Mike Flynn has a marvelous post…

on how deeply sensitive PC folk innoculate themselves against the encounter with ideas outside their cramped intellectual bubble by pre-emptively declaring books ritually impure before they know anything about them.

In the course of it, he does something I, as a founding member of the Wright/Shea Mutual Admiration Society, have been lax in doing: recommending a wonderful little series of posts John C. Wright wrote recently:

One does oft find stereotypes in older fiction. The same is true today; only the stereotypes are different. “Write what you know” is an old adage, and most writers in the Golden Age of Skiffy did not know any people from the Enlightened 2010s. Maybe they should have. They were writing about the future, after all. But recall how many writers in the 70s wrote of a future that was all sex, drugs, and rock-n-roll, because that was the milieu in which they knew.

The estimable John C. Wright recently wrote a series of posts provocatively entitled Saving Science Fiction from Strong Female Characters. The Late Modern, obsessed with formality can often not get beyond the words to the subject matter, and so will have a knee-jerk reaction to his title, and without the knee.  But among several interesting points, Mr. Wright makes the following: that women in pulp and serial fiction of the 30s and 40s tended not to be dumb blondes. Those came in the 50s with the Marilyn Monroe cult. Of particular interest is his parade of pulp-mag coversfrom the earlier decades which shows a preponderance of kickass women.

It is also the case that simply because a female character does not conform to today’s stereotypes does not mean that the portrayal is ipso facto sexist.  In reader discussions of Game of Thrones, the character Arya, a young girl, is often praised as “kickass,” while her sister Sansa is disparaged for being a wuss. But when one thinks on it more, Arya is praised and Sansa dispraised precisely in proportion as they behave like boys.  A freer thinker than some might wonder whether it is sexist to thus privilege masculinist behavior.

So’s Yer Old Man
This is one problem with presentizing the past. Folks of that era might read our own portrayals of masculinized women and regard usas the sexist ones for devaluing feminine values.

Much the same can be said of the portrayal of other protected classes in classic SF.  The hero of Black Amazon of Mars, Eric John Stark, despite the cover art above, is clearly described in the text as black, and is running guns to natives oppressed by imperialist-colonialist Earth.  Rod Taylor, the protagonist of Heinlein’s Tunnel in the Sky,is a black teenager — although art directors have steadfastly refused to portray him as such.

I’ve often been struck by the disconnect between the assumption that nothing but the Helpless Female was allowed to be portrayed and thought before the Age of Xena and the fact that Barbara Stanwyck and Katherine Hepburn and Rosalind Russell in “His Girl Friday” were popular Hollywood icons back during the Dark Ages.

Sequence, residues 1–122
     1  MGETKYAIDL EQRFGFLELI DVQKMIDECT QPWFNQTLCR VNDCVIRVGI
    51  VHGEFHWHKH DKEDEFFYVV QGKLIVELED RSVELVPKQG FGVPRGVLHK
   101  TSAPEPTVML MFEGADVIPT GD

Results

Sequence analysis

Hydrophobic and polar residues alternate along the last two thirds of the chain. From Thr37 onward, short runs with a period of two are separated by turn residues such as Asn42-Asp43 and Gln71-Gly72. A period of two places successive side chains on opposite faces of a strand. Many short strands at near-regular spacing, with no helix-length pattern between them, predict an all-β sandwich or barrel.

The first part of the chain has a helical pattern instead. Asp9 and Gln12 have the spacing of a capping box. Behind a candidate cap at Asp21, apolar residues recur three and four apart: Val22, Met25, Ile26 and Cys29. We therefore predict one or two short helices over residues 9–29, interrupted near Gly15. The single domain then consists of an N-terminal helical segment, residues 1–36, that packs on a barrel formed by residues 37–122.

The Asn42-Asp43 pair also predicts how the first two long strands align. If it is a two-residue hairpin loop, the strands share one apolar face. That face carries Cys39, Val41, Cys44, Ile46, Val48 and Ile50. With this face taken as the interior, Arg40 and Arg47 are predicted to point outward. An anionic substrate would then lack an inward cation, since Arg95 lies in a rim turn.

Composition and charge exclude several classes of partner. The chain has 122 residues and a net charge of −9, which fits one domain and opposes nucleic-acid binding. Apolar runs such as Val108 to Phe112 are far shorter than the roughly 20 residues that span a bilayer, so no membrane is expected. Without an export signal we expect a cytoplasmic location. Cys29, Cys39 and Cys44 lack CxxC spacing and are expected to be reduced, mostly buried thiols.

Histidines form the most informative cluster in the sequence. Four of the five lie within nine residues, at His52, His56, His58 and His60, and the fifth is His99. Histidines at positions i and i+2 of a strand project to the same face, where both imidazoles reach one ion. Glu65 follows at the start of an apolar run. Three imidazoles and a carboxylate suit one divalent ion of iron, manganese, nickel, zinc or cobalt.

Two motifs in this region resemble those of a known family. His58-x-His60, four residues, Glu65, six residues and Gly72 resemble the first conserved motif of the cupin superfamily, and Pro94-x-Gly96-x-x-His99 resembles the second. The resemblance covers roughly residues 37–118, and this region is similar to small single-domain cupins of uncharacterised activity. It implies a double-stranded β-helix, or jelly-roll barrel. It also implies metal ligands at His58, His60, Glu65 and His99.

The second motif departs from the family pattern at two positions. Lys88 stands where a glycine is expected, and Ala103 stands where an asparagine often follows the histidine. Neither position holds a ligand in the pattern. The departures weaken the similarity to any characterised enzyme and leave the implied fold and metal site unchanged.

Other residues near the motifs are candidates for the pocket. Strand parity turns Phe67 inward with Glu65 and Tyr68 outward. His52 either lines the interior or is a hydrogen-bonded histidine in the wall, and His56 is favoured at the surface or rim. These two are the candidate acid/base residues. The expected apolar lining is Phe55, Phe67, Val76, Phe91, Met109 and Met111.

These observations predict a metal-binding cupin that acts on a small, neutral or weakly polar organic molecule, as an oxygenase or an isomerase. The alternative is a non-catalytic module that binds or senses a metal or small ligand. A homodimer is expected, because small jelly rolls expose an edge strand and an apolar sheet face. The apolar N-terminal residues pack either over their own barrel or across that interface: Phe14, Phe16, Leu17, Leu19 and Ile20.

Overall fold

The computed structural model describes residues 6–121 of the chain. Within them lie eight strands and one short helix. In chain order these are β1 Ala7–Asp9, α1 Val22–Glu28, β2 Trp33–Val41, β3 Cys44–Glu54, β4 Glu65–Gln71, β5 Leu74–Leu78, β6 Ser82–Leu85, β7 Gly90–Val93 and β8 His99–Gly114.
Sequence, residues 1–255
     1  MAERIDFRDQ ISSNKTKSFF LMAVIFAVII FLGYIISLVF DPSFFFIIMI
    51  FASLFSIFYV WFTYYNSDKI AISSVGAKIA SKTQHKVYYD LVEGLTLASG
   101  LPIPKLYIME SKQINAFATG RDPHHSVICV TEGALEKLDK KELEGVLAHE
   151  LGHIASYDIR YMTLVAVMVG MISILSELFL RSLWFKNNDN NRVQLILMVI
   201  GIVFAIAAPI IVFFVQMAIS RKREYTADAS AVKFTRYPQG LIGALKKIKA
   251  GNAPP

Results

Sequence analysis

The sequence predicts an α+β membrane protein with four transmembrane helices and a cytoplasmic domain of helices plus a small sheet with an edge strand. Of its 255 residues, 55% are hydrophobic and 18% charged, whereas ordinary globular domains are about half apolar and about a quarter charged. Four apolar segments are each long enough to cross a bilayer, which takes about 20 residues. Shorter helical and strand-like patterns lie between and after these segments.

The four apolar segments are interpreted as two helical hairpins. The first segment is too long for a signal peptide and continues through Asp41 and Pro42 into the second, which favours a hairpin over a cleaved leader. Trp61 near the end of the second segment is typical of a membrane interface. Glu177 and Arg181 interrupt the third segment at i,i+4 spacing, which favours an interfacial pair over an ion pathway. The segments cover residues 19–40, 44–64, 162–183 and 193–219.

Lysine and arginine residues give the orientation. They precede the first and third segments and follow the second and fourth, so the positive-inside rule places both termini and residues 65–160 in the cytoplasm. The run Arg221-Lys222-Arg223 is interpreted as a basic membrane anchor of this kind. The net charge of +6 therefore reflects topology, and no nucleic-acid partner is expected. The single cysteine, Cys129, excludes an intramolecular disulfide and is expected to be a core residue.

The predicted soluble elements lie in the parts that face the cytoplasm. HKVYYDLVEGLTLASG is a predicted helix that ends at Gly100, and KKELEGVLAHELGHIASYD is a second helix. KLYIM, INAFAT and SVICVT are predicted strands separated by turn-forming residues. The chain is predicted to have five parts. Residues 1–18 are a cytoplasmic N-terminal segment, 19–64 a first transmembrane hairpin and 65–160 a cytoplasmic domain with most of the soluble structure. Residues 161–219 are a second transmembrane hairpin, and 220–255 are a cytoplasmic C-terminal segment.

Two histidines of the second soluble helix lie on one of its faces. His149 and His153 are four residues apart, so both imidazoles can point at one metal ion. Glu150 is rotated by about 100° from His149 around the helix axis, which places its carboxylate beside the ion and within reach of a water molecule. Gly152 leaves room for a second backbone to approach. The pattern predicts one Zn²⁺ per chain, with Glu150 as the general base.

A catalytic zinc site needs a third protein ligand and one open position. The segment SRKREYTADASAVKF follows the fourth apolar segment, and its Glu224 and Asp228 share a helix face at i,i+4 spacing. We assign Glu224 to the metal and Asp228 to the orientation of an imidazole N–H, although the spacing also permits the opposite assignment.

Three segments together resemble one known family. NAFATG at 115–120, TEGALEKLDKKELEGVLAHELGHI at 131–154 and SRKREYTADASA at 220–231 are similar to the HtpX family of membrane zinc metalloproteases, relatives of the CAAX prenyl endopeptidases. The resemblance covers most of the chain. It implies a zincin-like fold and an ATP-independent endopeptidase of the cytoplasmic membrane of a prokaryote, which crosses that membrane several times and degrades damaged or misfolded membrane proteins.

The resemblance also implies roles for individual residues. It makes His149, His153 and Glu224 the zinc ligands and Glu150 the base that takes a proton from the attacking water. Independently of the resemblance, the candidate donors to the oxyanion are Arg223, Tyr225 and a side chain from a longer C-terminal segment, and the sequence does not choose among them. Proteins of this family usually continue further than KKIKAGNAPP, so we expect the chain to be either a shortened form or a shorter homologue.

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  • Dave G.

    An interesting article, but it doesn’t stop at sci-fi and fantasy. A growing number see everything that happened in the past that way. Just read a review of anything produced before the last few ddecades and you’ll see those charges made.

    • sequax

      There were some females kicking ass and takin’ names. Sue Monday from the Civil War comes to mind. The sad thing is, that even when they find those times when things fit their mold, they don’t even have the decency to portray it accurately– when it would supposedly help the cause.

  • KyPerson

    I had a student who was upset at the movie version of Master and Commander because there were no women in lead roles. I tried to tell her that there were no women admirals on board ships during the Napoleonic wars, but no dice.

    • Dave G.

      Shouldn’t matter. At this point, women where there were none is par for the course. My second boy once said PC is the only truth. If we say women should have been admirals in the Napoleonic wars, then that is how it should be portrayed. That is truth. I chuckled, because he is right. And not just how fiction is portrayed.

      • Ishmael_Alighieri

        That the heroine in the Captain America movie was on the front lines of the ground assault of Hydra’s last stronghold almost ruined the movie for me. Freakish strength, agility and lightening quick reactions are one level of fantasy; reimagining history in our image is another, much less fun, fantasy.

        • Dave G.

          Reimagining history in our image. I like that. It starts with the realization that we are right, and then we go back to change it accordingly. I tell my boys, to be honest, some of those old John Wayne type of movies are in some ways more accurate than the movies released today, movies and books that are supposed to be much more heavy on realism. There are some (Band of Brothers leaps to mind) that are very, very good in trying to keep it real. But so much today seems to not care a rip what really is, but simply portrays everything the way our age insists it should be.